The worlds largest sand island

Fraser Island the largest sand island in the world

Fraser Island is a National park, it's located 300km north of Brisbane and 15km off the coast of Harvey Bay. Fraser Island is famous for it's crystal clear and beautiful fresh water lakes.


Over the past two million years, ocean currents and waves have swept sand north from the continental shelf of New South Wales and southern Queensland. Sand accumulates and covers the bedrock to form dunes parallel to the coast, leaving only peaks uncovered—today's headlands.

Strong onshore winds blow some loose sand inland into high parabolic (hairpin-shaped) dunes, which spread to engulf everything in their paths and form a sequence of overlapping dunes.

Fraser Island and Cooloola are remnants of old sandmasses that once stretched 30km east. Major dune-building has continued in episodes as sea levels rose and fell, forming a sequence of at least 8 overlapping dune systems of different ages. Some are more than 700,000 years old—the world's oldest recorded sequence. These processes continue shaping the sandmasses.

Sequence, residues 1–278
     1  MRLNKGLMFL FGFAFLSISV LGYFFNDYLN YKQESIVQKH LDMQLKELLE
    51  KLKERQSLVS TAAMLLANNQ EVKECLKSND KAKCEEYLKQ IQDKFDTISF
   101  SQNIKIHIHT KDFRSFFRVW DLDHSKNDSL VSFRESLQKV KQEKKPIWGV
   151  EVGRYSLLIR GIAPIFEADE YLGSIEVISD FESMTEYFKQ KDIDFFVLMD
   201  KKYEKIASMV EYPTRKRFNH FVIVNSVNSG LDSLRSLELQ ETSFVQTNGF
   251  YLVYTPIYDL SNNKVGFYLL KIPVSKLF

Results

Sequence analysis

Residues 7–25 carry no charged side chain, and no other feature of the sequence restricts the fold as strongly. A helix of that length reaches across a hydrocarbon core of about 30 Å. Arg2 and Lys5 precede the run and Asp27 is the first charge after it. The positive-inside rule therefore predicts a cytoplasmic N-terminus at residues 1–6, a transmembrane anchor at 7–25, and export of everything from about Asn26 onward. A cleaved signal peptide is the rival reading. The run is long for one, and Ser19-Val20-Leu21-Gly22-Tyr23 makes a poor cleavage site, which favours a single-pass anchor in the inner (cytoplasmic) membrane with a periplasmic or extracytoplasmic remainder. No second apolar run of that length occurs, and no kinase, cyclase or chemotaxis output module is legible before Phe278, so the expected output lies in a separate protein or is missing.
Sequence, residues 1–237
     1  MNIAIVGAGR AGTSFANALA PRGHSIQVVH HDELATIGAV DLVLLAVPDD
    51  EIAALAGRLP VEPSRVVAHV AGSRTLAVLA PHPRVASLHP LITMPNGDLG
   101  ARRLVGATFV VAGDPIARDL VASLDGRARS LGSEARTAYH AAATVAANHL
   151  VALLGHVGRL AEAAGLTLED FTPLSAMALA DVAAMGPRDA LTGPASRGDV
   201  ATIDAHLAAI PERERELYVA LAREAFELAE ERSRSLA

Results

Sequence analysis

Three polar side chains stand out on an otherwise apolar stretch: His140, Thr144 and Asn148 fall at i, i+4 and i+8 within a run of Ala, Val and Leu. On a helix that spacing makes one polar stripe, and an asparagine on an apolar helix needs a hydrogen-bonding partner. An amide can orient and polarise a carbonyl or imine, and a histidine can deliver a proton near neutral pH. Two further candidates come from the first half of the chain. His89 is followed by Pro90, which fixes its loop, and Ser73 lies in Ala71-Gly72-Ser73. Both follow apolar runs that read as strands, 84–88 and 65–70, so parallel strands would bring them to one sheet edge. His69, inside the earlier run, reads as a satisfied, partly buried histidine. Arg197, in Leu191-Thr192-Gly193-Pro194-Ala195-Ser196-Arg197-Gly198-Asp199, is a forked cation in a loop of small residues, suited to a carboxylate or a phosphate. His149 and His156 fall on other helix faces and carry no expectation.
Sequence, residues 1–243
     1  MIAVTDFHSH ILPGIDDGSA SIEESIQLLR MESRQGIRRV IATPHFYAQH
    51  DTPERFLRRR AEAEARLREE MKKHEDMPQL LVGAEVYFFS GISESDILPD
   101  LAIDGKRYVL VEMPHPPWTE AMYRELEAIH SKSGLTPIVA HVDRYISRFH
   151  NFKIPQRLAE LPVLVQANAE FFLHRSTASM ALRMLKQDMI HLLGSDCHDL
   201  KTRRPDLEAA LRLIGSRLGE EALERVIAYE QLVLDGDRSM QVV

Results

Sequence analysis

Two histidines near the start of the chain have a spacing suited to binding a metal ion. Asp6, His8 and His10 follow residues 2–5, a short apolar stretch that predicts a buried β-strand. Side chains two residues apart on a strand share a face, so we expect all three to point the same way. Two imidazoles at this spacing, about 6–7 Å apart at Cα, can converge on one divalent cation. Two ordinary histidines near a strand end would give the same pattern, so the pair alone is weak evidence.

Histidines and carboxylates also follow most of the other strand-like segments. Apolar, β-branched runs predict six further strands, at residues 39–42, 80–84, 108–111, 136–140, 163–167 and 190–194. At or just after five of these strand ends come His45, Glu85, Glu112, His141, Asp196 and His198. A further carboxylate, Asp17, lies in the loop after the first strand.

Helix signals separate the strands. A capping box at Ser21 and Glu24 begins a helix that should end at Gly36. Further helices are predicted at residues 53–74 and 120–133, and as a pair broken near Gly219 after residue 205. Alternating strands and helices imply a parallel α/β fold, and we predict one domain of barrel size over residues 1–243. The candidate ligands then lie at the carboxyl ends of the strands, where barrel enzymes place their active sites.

The native animals in Fraser Island

There are 47 species of mammals on Fraser Island. There have been more then 354 bird species sighted on Fraser Island. A rare species of frogs known as the acid frog has adapted to this wonderful environment. Other native mammals include wallabies, possums, flying foxes and echidnas. Dugong feed on the seagrass beds, sea turtles breed on some island beaches as well as the mainland, and each year make their annual migration to Fraser's rocky headlands and protected coastline.

Worlds most beautiful place you will ever see


The rugged terrain of Fraser Island is clad with a diversity of vegetation ranging from luxuriant tall rainforest to heathlands and mallee growth. The island has over 750 vascular plant species. This incredible volume of Fraser Island’s biomass grows only in sand, with relatively little nutrient. While the taller forests draw their nutrients from the concentration from a subsoil (B horizon) provided that it is accessible to the plant roots, the more impoverished plant communities rely for their nourishment on the small quantities of plant nutrients which are voraciously re-cycled. There is a clear nexus between forest types and the dune systems which determine the available nutrients.